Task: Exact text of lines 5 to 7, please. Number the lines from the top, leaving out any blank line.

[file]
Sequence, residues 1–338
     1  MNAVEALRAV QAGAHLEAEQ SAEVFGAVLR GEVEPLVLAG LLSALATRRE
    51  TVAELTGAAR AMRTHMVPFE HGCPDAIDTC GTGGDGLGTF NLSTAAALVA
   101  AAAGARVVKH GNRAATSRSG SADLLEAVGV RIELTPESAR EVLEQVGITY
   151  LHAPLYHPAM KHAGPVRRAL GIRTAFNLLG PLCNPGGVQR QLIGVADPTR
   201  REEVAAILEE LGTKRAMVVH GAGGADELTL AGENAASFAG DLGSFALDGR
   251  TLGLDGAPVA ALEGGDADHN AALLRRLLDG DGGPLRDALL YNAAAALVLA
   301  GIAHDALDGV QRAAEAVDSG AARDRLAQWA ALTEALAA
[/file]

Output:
   151  LHAPLYHPAM KHAGPVRRAL GIRTAFNLLG PLCNPGGVQR QLIGVADPTR
   201  REEVAAILEE LGTKRAMVVH GAGGADELTL AGENAASFAG DLGSFALDGR
   251  TLGLDGAPVA ALEGGDADHN AALLRRLLDG DGGPLRDALL YNAAAALVLA